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Things to know before going to Hawaii
1. What is the temperature in Hawaii?
I’m asked a lot of Hawaii questions and this is one of the most common! In most parts of Hawaii, the average temperatures year-round will be somewhere close to a high of 85 and a low of 75.
This can vary drastically; after all, Hawaii Island has 9 of the world’s 13 climate zones. If you’re planning on taking any trips with a higher elevation (Haleakala on Maui, Mauna Kea on Big Island, etc.), you’ll want to bring a jacket.
It also rains heavily in some areas, Mount Waiʻaleʻale on Kauai is the wettest place in the world.
Most of the tourist areas are dry and sunny. Wherever you’re visiting, make sure to do your research so that you can adequately prepare.
One last thing about the weather in Hawaii, most of the popular areas for tourism are dry and sunny all year long. So bring your slippahs (flip flops), tank tops, and shorts!
I was asked about this so much that I wrote a blog post about the worst time to go to Hawaii. Check it out!
2. Local Culture in Hawaii
The spirit of aloha is genuine, and the people of Hawaii are very friendly. Yes, there are some areas where locals don’t care for tourists, but you probably won’t go to those anyway.
No matter what, don’t be that tourist that steps on the coral, trespasses, or is generally disrespectful. If you come with respect, the majority of the time, you will be met with a very warm welcome.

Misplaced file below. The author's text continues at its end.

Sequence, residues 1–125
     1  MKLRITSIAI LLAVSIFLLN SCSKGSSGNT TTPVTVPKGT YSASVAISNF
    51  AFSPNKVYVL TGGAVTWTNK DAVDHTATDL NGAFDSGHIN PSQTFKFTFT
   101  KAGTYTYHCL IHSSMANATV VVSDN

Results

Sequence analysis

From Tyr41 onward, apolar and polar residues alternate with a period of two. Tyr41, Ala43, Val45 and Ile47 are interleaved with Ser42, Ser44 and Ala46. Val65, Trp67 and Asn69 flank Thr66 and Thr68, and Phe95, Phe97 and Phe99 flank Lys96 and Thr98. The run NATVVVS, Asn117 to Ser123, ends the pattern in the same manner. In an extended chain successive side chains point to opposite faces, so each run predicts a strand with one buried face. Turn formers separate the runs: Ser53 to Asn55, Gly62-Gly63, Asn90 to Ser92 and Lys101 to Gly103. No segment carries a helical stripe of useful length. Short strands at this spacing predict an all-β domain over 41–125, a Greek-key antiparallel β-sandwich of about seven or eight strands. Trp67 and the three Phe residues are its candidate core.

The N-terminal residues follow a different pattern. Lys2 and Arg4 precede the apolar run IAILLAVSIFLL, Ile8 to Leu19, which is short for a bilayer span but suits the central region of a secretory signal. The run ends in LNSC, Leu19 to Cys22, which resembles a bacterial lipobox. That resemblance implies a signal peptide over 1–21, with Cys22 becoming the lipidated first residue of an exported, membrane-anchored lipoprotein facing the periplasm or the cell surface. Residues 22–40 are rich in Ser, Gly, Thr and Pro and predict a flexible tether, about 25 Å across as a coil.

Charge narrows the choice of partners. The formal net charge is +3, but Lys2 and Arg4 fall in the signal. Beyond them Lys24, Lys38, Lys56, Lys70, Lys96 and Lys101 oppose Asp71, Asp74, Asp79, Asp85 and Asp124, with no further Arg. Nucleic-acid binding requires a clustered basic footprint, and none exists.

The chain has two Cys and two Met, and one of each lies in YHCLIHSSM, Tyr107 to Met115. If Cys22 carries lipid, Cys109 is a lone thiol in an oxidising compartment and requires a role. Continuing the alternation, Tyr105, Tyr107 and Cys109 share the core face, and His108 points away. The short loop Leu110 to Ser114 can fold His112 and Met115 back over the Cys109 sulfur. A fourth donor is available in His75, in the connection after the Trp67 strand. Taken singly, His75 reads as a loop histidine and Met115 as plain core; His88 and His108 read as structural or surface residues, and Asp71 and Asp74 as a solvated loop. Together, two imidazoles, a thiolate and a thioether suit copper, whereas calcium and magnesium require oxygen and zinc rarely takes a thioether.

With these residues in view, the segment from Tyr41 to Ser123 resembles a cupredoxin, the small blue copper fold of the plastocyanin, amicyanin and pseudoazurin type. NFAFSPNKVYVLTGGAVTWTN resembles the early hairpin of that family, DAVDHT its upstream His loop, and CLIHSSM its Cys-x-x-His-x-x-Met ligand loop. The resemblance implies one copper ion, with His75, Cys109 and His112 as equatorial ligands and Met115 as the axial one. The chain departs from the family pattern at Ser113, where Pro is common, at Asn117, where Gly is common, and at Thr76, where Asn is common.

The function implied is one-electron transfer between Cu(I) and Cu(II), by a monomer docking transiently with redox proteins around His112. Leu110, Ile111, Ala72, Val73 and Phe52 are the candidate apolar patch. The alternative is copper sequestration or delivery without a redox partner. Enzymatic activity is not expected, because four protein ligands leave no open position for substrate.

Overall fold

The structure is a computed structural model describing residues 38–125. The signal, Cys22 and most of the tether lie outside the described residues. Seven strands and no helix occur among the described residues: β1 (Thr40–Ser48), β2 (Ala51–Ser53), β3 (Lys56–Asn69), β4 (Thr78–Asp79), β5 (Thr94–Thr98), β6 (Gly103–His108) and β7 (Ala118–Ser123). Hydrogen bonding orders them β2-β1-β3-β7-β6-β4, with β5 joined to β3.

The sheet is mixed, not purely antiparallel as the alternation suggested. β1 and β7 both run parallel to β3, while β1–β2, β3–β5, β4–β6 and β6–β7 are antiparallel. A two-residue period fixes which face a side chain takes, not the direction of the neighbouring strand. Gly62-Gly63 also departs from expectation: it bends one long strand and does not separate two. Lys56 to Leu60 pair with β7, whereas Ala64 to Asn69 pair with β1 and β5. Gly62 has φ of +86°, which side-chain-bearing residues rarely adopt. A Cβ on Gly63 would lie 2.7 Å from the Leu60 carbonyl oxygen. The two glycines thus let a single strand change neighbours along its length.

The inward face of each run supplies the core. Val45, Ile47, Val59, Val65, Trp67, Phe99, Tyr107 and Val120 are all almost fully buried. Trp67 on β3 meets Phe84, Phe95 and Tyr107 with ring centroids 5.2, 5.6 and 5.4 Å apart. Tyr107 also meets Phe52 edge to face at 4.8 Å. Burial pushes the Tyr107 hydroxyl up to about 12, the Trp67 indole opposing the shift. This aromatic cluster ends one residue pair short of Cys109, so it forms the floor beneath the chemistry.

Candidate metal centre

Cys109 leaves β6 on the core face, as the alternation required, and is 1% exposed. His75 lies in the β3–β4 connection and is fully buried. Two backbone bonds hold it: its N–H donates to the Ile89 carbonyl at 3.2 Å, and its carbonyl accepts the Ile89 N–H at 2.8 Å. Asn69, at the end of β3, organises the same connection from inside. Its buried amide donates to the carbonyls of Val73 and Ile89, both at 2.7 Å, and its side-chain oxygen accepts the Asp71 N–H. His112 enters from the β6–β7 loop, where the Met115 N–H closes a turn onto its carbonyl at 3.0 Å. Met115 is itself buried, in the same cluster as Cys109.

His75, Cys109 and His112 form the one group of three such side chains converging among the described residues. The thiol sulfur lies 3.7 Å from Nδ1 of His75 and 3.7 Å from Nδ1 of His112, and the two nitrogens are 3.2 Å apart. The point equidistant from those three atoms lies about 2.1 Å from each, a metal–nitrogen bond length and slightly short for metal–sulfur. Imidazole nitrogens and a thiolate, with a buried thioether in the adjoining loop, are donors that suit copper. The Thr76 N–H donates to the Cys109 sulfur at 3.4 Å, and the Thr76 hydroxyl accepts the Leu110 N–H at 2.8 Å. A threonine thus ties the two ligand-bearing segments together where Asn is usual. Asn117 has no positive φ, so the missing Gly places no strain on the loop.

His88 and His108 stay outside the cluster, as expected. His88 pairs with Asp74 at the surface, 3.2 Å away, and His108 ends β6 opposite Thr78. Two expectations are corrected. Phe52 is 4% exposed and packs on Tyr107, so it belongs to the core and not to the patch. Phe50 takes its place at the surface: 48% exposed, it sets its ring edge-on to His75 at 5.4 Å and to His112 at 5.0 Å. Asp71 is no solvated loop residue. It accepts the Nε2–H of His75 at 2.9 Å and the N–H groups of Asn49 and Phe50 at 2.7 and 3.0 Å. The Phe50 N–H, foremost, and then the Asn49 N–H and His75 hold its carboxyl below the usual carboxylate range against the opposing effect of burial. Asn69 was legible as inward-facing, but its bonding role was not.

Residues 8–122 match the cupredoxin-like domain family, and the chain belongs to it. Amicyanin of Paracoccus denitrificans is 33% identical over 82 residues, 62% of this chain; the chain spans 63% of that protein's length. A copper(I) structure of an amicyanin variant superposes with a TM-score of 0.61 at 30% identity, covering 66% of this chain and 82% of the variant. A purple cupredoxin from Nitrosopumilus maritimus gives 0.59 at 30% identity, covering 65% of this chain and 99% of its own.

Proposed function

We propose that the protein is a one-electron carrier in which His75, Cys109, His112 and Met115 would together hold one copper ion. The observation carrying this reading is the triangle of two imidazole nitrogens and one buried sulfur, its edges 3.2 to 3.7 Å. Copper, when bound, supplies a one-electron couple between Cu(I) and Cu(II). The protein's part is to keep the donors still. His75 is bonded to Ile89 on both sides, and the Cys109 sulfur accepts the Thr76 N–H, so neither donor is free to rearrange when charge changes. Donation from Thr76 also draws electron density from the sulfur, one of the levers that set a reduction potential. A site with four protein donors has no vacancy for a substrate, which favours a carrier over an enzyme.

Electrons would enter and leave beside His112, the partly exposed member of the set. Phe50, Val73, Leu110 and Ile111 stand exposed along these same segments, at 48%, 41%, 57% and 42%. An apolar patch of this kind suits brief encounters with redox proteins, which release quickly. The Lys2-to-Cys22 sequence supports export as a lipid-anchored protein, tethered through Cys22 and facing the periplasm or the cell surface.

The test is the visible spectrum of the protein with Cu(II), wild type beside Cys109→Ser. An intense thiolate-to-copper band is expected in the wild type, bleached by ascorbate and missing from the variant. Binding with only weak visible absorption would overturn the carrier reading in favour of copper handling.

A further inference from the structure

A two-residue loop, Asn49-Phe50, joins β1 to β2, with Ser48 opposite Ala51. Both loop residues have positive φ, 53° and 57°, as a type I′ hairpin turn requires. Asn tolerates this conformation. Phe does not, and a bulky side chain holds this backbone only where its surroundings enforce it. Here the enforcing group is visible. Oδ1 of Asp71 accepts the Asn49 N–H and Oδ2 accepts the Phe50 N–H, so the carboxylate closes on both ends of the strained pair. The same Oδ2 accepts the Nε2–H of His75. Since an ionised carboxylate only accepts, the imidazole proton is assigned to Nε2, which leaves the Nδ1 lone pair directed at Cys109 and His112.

For more information about what not to do in Hawaii, check out 20 things you should never do in Hawaii.
Also worth mentioning, not everyone living in Hawaii is “Hawaiian.” It’s not like being “Californian.” In fact, the majority of Hawaii residents are not native Hawaiian.
The term Hawaiian refers to native Hawaiians, which make up a small percentage of Hawaii residents. It’s easier to refer to those who live in Hawaii as “locals.”
If you’re interested in learning more about some non-human locals, check out the ultimate guide to Hawaiian animals.
3. Hawaii has a ban on plastic bags
Plastic bags are banned in Hawaii, which is fantastic and helps keep the ocean clean. However, it might be a shock to you if you haven’t visited the islands before.
To be even more environmentally conscious, make sure to bring your own water bottle. I personally love my Hydroflask.
Lately, I’ve been traveling with my Berkey Sport. The Berkey Sport is great to have on hand when water quality is questionable. Airport water is usually disgusting.